Landscaping Shrubs

The mighty shrub: revamp your yard with attractive landscaping shrubs that are easy to grow.
Front Yard With Boxwood Garden, Annuals

Beautiful Boxwood Parterre Garden

This front yard features a formal boxwood parterre garden with pockets of annuals to brighten up the curb appeal of the home.

Photo by: Lazyeye Photography

Lazyeye Photography

Landscaping with shrubs can be a breeze if you choose the plants that match your level of expertise – and dedication. If you're like me, then you want everything in your yard and garden to require low maintenance. Below are five ideas for landscaping shrubs that will make you (and your yard) look good. 

Frost-Proof Gardenia

Gardenias are flowering plants that come in a shrub variety and produce amazingly fragrant flowers that make breathtaking arrangements. The bush, when planted with others of its kind, will grow to resemble a hedgerow, yet it's not stiff. The frost-proof variety of gardenia grows best in the southern half of the U.S.; although it won't die if the temp dips below 32 degrees, it doesn't like prolonged freezes.

Evergreen Azaleas

Although they're famous for being the official plant of the Augusta National Golf Club where The Masters golf tournament is held in Georgia each spring, azaleas are more than just colorful landscaping shrubs. You can purchase them in pots and plant them in partial sun – and just watch them grow. They rarely need pruning, which makes them perfect for the hard-to-reach areas of your property.

Juniper Shrubs

Junipers are very popular groundcover shrubs used throughout most of the U.S. Not only are they low-to-the-ground and evergreen, they're resistant to drought and can withstand high temps and dry air. The one caveat: when planting many junipers together to form a "carpet effect," keep in mind that weeds will still have room to pop up in between the plants. Careful weeding is needed until the plants are mature.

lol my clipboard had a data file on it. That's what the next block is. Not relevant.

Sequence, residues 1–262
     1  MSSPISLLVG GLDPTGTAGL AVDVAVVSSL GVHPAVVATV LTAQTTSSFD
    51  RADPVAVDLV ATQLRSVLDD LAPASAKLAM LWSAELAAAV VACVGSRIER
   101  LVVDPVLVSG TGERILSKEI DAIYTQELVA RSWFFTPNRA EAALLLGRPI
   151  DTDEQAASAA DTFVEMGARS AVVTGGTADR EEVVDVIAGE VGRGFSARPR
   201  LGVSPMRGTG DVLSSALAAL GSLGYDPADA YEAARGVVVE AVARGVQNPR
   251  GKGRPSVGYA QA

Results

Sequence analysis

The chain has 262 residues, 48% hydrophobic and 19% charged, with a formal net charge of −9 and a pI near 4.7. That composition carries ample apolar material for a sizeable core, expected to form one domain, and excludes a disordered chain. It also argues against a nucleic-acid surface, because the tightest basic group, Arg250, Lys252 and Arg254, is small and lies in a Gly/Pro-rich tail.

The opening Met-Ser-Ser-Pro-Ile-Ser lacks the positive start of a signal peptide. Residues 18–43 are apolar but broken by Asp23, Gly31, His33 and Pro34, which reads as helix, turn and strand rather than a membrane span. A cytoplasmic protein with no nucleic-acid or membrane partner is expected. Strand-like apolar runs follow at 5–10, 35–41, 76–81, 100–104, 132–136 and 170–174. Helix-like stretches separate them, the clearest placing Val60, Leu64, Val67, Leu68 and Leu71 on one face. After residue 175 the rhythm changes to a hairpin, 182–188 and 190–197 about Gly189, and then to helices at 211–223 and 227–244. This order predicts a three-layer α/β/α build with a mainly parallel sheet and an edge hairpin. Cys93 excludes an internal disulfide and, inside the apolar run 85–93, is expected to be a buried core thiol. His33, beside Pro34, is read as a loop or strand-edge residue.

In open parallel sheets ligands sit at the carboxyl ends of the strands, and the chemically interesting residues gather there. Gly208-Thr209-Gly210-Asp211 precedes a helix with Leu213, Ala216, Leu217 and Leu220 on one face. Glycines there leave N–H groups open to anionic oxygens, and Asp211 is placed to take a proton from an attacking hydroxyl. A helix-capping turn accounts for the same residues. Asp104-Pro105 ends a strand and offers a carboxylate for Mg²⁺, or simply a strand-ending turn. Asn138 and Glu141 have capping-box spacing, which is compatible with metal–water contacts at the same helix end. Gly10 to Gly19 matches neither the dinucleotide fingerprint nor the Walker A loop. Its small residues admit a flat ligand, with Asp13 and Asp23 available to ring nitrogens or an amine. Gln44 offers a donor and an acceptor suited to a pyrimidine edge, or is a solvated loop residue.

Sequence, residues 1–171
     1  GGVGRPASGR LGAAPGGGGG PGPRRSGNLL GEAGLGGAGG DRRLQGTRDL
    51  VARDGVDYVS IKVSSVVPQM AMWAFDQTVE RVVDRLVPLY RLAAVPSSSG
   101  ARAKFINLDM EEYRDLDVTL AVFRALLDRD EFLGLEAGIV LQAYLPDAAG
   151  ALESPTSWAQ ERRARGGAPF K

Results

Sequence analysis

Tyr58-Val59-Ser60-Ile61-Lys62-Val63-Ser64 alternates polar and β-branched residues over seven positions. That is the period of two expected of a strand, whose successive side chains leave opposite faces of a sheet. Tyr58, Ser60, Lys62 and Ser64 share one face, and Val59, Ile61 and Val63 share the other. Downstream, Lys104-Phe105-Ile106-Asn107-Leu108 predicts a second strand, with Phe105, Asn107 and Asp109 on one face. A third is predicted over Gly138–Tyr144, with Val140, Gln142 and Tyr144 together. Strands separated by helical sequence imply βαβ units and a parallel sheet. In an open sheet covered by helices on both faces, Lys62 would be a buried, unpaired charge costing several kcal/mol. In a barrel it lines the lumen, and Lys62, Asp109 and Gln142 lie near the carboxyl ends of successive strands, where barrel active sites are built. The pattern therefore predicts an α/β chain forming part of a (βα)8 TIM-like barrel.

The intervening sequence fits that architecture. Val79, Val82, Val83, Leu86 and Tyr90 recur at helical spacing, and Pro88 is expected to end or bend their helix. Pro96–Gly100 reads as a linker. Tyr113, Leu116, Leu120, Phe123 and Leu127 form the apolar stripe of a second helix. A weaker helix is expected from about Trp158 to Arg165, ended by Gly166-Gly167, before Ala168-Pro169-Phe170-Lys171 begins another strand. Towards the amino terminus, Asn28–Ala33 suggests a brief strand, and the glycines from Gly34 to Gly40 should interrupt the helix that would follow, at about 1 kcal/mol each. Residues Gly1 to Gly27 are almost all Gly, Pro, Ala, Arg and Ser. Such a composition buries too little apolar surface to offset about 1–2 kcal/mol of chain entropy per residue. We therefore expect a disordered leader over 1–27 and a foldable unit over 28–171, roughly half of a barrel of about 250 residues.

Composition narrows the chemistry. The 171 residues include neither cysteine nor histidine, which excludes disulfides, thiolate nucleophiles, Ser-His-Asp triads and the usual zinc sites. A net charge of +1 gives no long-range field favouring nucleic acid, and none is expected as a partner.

Classic Boxwoods

Boxwoods are the ultimate multi-tasking shrubs. They can be adapted and shaped to assume almost any garden style, and make landscaping a breeze by acting as a hedgerow fence when mature. They can be planted in rows or solo or in pots. Boxwoods require regular watering during their first year and must never be pruned more than 1/3 from the top of the plant. Once the plant is mature, it becomes less thirsty. Mulch makes a good cover for the boxwood roots – too much harsh sun or a long freeze may kill the plant; not much else will.

Nandina

The nandina is a beautiful rust-colored leafy plant that can grow to about seven feet tall. It proliferates quickly and will outlive practically everything in your yard. Its berries and foliage are toxic to cats and other small animals (not recommended for human consumption, either), but its care is minimal. Beware: if you live in the southeastern U.S., you must purchase the sterile variety of the plant – it's considered an "invasive" plant in many states due to how well it thrives and spreads.

Next Up

How to Choose, Plant and Grow Junipers

Learn all about the various types of junipers available for landscaping, plus how to plant, prune and troubleshoot, and what varieties to choose for your home.

How to Grow Flowering Quince

These gorgeous flowering shrubs will brighten up any dreary winter yard.

Grow Guide: Why Won't My Azaleas Bloom?

Some reasons why your flowers may not be delivering this spring.

Growing Boxwoods: Tips and Tricks

For faster growing, more cold-hardy shrubs, go with the Asian varieties.

How to Grow Forsythia Bush

Welcome spring with the sunny blooms of forsythia.

How to Choose, Plant and Grow Flowering Shrubs

Flowering shrubs, like azalaea, hydrangea, camellia and more, provide multi-season color and interest. Learn how to add them to your garden or landscape with this expert advice.

Growing Spirea

Looking for an easy-to-grow shrub? Try spirea. This versatile beauty blends good looks with a tough-as-nails personality.

Witch Hazel Care

Add this subtle beauty to your list of must-have landscape shrubs.

Rose Leaves Turning Yellow

When rose leaves turn yellow and drop off, your plants are sending out a cry for help. Learn how to nurse them back to health.

Growing Double Knock Out Roses

These stunning, low-maintenance roses practically grow themselves.

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